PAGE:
The apology came after Shelly Asquith, president of the University of the Arts London Student Union, spotted the request and, angered by the design house’s abuse of free, student labour, decided to write them a letter explaining as such.

 

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The apology came after Shelly Asquith, president of the University of the Arts London Student Union, spotted the request and, angered by the design house’s abuse of free, student labour, decided to write them a letter explaining as such.

READ: Isabella Blow’s custom-made McQueen dress, yours for £35,000                

“As if studying for a degree in arts and design wasn’t a financial burden enough, your email requests students to work for free for up to 11 months in your studio, and all they will receive in return is a meal voucher,” begins the letter. Asquith then goes on to point out the “bitter irony” that a twill-woven jacket from McQueen’s latest collection costs £8,930, an amount that almost equals the university fees a fashion student pays each year.

“No amount of luxury is worth the slaving away of an unpaid worker,” she wrote. “That students are spending months creating these pieces of clothing and not seeing any return is downright disgraceful and the label should be ashamed.”

Asquith later states that what the company were asking the intern to do – ‘knitting on a domestic machine and making knitted samples, as well as research, CAD, presentation and organising of the collection’ – can be clearly defined as integral ‘work’, meaning that under UK law the student should be paid the National Minimum Wage.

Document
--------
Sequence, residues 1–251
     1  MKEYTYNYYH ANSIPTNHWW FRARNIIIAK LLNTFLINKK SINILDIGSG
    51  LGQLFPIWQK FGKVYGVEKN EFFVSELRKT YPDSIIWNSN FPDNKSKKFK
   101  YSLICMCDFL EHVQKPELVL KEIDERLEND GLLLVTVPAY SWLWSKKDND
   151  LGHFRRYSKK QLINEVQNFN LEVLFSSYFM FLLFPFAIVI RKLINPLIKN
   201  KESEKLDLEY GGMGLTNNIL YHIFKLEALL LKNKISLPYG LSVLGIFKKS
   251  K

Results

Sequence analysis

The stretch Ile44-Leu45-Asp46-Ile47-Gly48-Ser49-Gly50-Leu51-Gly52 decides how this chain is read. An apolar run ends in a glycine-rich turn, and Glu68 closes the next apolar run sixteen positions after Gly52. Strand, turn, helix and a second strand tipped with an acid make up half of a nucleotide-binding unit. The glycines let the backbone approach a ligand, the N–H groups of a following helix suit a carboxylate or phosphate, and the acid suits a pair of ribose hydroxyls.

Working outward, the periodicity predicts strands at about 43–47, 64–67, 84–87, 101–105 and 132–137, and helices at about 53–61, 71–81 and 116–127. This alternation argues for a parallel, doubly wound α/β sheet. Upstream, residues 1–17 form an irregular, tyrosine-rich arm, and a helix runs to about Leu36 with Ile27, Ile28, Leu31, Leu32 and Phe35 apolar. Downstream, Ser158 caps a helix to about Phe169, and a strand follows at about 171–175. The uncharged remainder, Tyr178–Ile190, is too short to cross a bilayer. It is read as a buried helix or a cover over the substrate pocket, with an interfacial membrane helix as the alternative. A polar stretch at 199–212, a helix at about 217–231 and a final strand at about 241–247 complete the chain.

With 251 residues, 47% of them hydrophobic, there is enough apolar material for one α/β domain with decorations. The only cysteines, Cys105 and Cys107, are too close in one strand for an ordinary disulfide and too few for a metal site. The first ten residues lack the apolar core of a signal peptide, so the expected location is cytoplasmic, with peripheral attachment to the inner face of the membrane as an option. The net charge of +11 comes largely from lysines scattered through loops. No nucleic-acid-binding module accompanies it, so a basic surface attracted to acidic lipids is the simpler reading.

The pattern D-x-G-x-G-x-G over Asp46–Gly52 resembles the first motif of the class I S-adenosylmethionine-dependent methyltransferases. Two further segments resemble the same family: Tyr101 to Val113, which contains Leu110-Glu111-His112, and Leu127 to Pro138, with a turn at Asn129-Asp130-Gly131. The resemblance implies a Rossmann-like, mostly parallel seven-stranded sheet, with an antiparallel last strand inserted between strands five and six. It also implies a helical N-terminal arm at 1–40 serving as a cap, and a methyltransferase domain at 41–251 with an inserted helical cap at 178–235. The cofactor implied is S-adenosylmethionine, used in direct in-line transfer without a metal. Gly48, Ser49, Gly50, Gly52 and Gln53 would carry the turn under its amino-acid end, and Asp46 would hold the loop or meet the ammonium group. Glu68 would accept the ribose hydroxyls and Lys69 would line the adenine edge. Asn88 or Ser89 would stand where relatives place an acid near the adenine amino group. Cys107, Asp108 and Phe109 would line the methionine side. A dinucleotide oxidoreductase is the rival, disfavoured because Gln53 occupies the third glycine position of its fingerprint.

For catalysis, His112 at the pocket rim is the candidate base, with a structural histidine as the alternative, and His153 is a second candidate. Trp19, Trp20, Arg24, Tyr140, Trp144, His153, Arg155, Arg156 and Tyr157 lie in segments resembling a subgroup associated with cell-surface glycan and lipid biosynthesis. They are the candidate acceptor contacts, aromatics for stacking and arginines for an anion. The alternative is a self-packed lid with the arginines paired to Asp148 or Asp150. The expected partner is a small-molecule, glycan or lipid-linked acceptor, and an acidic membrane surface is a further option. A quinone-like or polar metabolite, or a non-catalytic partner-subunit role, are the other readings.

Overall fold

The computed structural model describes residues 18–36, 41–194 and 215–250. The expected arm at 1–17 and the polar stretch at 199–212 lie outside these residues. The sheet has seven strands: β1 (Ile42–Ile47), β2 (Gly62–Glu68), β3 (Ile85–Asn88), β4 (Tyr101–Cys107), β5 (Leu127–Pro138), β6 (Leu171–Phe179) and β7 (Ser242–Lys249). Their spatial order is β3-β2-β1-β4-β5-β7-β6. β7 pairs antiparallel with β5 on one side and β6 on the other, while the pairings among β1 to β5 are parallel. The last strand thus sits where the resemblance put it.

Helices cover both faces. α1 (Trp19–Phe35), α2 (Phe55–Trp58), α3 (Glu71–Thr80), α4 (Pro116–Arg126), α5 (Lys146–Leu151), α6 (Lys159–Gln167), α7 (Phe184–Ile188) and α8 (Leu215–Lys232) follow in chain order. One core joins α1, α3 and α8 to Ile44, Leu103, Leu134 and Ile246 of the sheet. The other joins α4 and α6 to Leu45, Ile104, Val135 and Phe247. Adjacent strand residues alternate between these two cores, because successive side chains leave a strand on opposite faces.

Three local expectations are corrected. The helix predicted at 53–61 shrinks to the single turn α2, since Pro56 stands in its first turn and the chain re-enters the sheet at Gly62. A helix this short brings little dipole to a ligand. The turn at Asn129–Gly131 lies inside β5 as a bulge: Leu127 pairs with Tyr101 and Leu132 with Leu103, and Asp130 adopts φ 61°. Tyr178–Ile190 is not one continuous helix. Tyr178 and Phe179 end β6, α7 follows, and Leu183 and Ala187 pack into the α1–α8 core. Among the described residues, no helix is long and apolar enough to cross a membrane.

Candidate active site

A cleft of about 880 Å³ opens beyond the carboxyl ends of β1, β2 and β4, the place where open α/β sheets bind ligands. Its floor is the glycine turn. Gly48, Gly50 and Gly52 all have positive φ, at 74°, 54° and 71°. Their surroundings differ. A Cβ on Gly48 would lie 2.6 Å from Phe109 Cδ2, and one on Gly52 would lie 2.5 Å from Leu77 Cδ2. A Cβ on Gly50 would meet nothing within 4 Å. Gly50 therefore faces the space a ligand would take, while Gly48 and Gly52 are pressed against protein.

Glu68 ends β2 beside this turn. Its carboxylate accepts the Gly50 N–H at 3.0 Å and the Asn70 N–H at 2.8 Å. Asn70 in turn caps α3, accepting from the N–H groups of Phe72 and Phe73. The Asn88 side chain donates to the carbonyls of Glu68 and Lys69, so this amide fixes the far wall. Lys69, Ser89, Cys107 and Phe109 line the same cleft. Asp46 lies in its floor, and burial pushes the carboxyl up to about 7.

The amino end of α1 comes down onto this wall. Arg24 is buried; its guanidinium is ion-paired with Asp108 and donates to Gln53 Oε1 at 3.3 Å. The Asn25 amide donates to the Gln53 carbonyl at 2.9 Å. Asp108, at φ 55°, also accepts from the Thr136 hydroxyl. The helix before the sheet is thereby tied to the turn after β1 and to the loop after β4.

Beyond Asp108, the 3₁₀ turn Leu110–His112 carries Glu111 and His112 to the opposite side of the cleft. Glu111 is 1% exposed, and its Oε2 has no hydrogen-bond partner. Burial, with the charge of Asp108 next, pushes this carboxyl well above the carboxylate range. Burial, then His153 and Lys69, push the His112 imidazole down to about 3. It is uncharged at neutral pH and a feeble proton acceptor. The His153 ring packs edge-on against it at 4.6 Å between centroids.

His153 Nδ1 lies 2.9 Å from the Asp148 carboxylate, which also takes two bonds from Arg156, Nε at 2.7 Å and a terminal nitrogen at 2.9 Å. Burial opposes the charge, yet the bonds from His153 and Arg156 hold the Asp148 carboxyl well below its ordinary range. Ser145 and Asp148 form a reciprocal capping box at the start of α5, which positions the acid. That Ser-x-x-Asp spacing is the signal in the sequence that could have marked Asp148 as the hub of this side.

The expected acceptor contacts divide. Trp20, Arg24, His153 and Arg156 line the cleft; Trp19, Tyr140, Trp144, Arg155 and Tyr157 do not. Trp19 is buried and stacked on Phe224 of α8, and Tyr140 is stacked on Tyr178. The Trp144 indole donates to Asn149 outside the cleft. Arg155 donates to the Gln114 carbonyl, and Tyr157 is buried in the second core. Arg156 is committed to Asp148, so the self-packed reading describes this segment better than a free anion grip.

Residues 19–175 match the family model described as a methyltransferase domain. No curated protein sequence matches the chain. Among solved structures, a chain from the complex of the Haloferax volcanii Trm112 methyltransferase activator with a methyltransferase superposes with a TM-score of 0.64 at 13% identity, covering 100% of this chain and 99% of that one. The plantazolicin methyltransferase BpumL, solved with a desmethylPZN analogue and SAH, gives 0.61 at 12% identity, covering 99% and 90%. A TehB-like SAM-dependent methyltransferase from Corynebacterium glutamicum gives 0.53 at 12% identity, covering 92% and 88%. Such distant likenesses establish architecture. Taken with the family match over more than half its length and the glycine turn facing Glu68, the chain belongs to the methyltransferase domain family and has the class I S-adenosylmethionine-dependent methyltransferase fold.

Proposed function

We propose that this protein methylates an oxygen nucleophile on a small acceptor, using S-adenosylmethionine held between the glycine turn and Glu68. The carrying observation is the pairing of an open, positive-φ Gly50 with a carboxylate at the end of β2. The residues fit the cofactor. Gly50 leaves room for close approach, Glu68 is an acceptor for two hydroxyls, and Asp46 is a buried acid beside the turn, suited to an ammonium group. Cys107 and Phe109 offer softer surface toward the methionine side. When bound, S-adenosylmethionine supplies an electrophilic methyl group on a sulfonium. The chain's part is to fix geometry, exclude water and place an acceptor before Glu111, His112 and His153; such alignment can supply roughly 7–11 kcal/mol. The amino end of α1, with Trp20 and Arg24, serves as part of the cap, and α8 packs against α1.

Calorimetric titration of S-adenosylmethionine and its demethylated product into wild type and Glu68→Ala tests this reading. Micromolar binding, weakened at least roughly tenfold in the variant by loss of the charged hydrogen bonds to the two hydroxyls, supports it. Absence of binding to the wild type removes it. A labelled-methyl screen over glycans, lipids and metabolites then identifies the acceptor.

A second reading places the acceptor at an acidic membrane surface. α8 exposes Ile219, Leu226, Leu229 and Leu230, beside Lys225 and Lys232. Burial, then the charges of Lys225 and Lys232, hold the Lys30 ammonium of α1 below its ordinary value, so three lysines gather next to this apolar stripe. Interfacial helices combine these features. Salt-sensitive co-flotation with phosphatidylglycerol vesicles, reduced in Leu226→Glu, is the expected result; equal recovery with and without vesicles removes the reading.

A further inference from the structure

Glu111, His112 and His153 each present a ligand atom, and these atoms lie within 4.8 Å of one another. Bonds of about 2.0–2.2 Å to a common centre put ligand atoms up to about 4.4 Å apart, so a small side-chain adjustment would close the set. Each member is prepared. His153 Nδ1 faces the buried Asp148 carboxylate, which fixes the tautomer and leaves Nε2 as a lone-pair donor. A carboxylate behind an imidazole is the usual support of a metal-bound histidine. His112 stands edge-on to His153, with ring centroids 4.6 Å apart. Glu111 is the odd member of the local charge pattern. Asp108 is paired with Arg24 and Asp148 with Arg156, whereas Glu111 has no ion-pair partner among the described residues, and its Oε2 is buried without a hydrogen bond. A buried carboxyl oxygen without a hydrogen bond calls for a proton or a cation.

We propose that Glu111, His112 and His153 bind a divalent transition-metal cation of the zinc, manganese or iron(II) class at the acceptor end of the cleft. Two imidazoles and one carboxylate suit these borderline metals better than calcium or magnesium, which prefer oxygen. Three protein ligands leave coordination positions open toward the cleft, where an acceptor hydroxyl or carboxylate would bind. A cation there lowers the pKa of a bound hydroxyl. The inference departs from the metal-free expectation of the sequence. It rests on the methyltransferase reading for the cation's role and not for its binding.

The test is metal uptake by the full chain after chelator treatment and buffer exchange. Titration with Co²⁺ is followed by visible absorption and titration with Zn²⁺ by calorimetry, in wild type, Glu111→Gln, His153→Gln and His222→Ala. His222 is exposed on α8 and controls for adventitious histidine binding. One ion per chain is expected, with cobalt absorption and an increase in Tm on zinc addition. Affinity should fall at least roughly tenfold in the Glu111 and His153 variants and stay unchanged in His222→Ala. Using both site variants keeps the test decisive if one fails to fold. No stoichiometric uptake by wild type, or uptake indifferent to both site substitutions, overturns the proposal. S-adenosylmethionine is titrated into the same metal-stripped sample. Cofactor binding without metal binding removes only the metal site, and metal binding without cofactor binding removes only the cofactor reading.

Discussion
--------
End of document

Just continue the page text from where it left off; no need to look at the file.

In response, McQueen claim the advert was “issued in error and was not in accordance with our HR policy”.

“In line with UK government guidance, Alexander McQueen has a strict policy of only accepting interns where the student is required to complete a placement as part of their higher or further education studies,” the design house told the                 Huffington Post.                

Speaking to                 The Telegraph                , Asquith called unpaid work an “endemic within the fashion industry”, and called for the poor practise to be exposed so that the law can be enforced.

“I was particular sorry to see unpaid interns being used at McQueen as Alexander [the design house’s late founder] himself he was an alumnus of our university, and in his will donated to a bursury scheme at Central Saint Martins (one our our colleges) for poor students to access,” she said.

“His ethos seemed so removed from the current practise of non-payment and exploitation, and given his [working class] background it seems unlikely he’d have ever have been able to afford to do an unpaid internship. Many talented students may have trouble succeeding in art and design because they just aren’t able to get the inital experience, because so many placements don’t pay a wage.”

The issue of extended unpaid internships within the fashion industry is ever-present. Many fashion students are forced to undertake unpaid positions in the belief that is ‘the done thing’ and that in order to progress in their careers, they must.

In 2011, Stella McCartney was forced to close down its much-criticised unpaid work experience programme after pressure from student campaigners, but many design houses still operate on a no-pay basis.

 

http://fashion.telegraph.co.uk/news-features/TMG10219056/McQueen-apologises-for-advertising-unpaid-full-time-internship.html